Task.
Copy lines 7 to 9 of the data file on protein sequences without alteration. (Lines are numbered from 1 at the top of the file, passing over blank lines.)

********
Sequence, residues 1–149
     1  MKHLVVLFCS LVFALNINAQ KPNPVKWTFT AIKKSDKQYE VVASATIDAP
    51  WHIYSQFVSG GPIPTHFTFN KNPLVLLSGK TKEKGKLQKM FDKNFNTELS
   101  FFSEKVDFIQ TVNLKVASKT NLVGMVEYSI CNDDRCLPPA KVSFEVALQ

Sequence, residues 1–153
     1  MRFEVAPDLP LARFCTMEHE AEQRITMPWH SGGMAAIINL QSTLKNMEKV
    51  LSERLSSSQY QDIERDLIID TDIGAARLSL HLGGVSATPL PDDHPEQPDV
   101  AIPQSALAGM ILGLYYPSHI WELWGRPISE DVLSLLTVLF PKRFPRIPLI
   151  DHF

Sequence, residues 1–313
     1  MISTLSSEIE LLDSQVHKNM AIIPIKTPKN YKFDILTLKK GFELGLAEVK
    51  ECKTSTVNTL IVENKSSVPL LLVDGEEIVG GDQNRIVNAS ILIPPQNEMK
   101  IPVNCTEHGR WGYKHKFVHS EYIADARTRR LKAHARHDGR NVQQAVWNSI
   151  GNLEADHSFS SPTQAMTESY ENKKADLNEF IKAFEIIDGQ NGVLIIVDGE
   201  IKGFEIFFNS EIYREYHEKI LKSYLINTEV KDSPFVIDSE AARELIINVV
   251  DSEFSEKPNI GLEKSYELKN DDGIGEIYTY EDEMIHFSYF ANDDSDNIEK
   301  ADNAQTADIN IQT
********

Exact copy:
    51  LSERLSSSQY QDIERDLIID TDIGAARLSL HLGGVSATPL PDDHPEQPDV
   101  AIPQSALAGM ILGLYYPSHI WELWGRPISE DVLSLLTVLF PKRFPRIPLI
   151  DHF